Selfish reasons for FAI

post by snarles · 2011-12-17T22:58:46.209Z · LW · GW · Legacy · 12 comments

Let's take for granted that pursuing FAI is the best strategy for researchers interested in the future of all humanity.  However, let's also assume that controlling unfriendly AI is not completely impossible.  I would like to see arguments on why FAI may or may not be the best strategy for AGI researchers who are solely interested in selfish values: i.e., personal status, curiosity, well-being of their loved ones, etc.

I believe such discussion is important because i) all researchers are to some extent selfish and ii) it may be unwise to ignore researchers who fail to commit to perfect altruism.  I, myself, do not know how selfish I would be if I were to become an AGI researcher in the future.

 

EDIT: Moved some of the original post content to a comment, since I suspect it was distracting from my main point.

12 comments

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comment by Incorrect · 2011-12-17T23:07:41.091Z · LW(p) · GW(p)

the easier it is to develop FAI in comparison to unfriendly AI

What? What are your definitions of FAI and unfriendly AI?

Replies from: James_Blair, snarles
comment by James_Blair · 2011-12-17T23:37:39.998Z · LW(p) · GW(p)

Rather than unfriendly AI, I think he means a Friendly AI that's only Friendly to one person (or very few people). If we're going to be talking about this concept then we need a better term for it. My inner nerd prefers Suzumiya AI.

Replies from: antigonus, snarles
comment by antigonus · 2011-12-18T00:35:58.426Z · LW(p) · GW(p)

Genie AI?

comment by snarles · 2011-12-18T12:31:10.068Z · LW(p) · GW(p)

Conceptually there is very little difference between AGI which understands the values of one human and AGI which understands a hypothetical aggregate of human values. Therefore I use FAI to refer to both concepts.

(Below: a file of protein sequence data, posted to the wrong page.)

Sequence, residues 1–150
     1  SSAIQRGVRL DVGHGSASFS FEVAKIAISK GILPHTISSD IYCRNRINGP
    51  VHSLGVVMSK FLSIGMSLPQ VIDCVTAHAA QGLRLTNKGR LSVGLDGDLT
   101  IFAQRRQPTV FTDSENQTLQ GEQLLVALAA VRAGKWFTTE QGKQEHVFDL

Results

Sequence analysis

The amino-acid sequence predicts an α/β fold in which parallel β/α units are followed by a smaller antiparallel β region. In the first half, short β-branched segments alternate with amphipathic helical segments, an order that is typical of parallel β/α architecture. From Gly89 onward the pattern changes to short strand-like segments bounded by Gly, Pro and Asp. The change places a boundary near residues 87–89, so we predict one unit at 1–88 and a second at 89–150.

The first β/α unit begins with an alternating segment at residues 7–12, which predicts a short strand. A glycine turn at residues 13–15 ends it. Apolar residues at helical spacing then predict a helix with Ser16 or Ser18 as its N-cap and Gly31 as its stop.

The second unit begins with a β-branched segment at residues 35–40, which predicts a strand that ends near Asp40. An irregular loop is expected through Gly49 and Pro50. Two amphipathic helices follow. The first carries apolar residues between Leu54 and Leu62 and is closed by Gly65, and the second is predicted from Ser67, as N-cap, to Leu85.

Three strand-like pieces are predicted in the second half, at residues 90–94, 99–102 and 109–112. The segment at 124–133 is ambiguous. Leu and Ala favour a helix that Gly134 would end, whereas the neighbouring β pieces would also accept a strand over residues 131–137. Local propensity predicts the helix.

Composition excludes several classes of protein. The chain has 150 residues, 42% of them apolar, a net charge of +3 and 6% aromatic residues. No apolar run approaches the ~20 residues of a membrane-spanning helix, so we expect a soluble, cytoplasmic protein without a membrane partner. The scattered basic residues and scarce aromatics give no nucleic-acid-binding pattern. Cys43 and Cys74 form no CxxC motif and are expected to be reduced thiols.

Replies from: DanArmak, timtyler
comment by DanArmak · 2011-12-18T14:17:42.072Z · LW(p) · GW(p)

Conceptually there is very little difference between AGI which understands the values of one human and AGI which understands a hypothetical aggregate of human values.

The big difference is in how the AI builds that aggregate from individual values. There are surely many ways to do so, and people will disagree about them (and some ways will not be wanted by anyone at all but we could get them by mistake for a non-Friendly AI). On the other hand, existing suggestions like CEV are greatly underspecified and haven't even been strictly proven to have real (or unique) solutions.

comment by timtyler · 2011-12-18T13:59:08.079Z · LW(p) · GW(p)

That apparently conflicts with how it is defined in Creating Friendly AI.

Replies from: snarles
comment by snarles · 2011-12-18T14:12:24.336Z · LW(p) · GW(p)

I disagree. Why couldn't outlined procedure for creating friendly AI (3.4.4 of link) to be based on a one individual, a superposition of a small group of individuals instead of a superposition of all of humanity?

Replies from: timtyler
comment by timtyler · 2011-12-18T15:56:04.219Z · LW(p) · GW(p)

The preference of particular individual humans may involve harming other humans.

Defining such preferences as "friendly" violates the concept as it was originallly intended, IMO.

comment by snarles · 2011-12-18T12:28:49.969Z · LW(p) · GW(p)

What? What are your definitions of FAI and unfriendly AI?